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Why does the velocity of money move pro-cyclically?


  • Pedro Leao


The velocity of money usually rises in expansions and falls in recessions This paper explains this pro-cyclical movement of velocity using two ideas: (i) during business cycles the movement of investment and consumption of durable goods has a larger amplitude than consumption of non-durable goods and services; (ii) the velocity associated with expenditure on investment and durable goods is much higher than the velocity associated with consumption of non-durable goods and services, because the former expenditures are synchronized with the attainment of money by economic agents whereas the latter are not. In this setting, the rise in the weight of expenditure in durable goods relative to the weight of non-durable goods and services, which occurs during expansions, generates an increase in the average velocity of circulation. The opposite happens during recessions and thus velocity moves pro-cyclically.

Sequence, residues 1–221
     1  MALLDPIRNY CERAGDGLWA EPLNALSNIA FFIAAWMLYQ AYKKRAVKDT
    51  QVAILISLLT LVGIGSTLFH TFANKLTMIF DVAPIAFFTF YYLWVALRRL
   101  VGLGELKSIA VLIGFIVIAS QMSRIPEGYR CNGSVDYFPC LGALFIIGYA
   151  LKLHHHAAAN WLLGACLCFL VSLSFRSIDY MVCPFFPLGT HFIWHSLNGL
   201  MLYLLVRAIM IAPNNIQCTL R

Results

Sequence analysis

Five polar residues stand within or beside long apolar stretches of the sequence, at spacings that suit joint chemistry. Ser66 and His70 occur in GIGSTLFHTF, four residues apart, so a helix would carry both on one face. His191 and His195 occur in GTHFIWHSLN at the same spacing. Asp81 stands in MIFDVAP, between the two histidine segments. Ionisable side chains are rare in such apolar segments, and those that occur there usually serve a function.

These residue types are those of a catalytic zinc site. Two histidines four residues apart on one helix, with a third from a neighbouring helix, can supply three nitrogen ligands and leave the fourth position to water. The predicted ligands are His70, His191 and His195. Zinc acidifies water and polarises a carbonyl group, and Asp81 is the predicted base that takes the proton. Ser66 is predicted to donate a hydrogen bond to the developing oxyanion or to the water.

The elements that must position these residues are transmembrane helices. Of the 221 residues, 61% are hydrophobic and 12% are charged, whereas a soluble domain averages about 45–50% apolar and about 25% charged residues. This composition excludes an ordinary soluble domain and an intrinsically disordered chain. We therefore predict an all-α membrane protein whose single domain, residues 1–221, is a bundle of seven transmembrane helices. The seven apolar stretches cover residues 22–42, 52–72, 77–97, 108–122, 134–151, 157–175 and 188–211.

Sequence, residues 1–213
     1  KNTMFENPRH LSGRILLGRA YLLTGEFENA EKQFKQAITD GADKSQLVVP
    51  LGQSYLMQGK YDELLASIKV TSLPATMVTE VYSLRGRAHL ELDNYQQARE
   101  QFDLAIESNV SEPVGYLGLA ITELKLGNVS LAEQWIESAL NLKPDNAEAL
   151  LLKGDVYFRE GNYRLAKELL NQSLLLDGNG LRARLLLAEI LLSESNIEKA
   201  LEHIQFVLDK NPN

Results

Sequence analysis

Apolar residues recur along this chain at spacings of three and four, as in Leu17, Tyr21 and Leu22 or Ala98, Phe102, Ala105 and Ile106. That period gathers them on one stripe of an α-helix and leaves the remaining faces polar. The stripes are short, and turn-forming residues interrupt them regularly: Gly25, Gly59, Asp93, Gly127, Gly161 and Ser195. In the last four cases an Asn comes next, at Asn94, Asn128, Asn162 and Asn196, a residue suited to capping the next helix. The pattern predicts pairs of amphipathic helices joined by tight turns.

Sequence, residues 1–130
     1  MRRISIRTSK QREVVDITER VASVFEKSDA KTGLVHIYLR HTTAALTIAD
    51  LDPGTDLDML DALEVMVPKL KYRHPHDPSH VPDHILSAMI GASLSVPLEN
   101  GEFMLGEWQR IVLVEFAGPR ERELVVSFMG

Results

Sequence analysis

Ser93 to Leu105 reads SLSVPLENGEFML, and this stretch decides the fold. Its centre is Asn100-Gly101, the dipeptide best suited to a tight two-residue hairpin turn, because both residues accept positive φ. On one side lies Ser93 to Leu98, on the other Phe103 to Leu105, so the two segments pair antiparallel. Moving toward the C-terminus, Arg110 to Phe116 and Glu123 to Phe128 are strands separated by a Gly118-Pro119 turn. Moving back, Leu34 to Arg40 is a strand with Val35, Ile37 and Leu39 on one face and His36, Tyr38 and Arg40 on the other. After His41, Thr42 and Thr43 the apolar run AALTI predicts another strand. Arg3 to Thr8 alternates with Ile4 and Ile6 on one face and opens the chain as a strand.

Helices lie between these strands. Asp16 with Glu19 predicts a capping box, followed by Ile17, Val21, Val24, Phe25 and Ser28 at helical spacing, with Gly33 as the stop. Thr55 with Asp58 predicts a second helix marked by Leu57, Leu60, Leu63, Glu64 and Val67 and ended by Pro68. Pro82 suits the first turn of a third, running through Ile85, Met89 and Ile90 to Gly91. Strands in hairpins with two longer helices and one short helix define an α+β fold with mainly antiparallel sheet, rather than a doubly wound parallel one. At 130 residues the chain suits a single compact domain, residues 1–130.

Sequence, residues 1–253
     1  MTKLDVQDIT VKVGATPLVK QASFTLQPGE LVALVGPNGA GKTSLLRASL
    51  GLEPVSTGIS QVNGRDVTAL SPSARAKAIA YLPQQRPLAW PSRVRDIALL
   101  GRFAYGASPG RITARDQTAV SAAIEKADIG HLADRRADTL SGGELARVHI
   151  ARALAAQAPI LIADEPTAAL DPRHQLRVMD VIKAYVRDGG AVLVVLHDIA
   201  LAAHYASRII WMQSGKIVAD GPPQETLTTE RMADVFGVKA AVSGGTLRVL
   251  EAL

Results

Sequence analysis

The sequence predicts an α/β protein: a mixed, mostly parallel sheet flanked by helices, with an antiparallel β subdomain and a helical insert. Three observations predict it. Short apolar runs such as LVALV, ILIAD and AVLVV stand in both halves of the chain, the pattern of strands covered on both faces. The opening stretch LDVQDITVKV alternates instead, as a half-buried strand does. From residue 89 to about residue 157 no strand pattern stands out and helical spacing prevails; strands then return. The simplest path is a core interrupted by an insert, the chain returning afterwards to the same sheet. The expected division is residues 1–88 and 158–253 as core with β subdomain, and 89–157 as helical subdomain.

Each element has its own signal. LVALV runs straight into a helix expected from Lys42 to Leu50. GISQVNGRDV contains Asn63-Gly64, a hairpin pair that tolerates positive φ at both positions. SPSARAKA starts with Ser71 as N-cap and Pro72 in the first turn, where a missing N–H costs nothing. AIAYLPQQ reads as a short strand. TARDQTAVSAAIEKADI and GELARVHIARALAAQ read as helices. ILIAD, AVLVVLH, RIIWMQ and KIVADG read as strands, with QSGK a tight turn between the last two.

Suggested Citation

  • Pedro Leao, 2005. "Why does the velocity of money move pro-cyclically?," International Review of Applied Economics, Taylor & Francis Journals, vol. 19(1), pages 119-135.
  • Handle: RePEc:taf:irapec:v:19:y:2005:i:1:p:119-135
    DOI: 10.1080/0269217042000312641

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    References listed on IDEAS

    1. Milton Friedman & Anna J. Schwartz, 1963. "A Monetary History of the United States, 1867–1960," NBER Books, National Bureau of Economic Research, Inc, number frie63-1, June.
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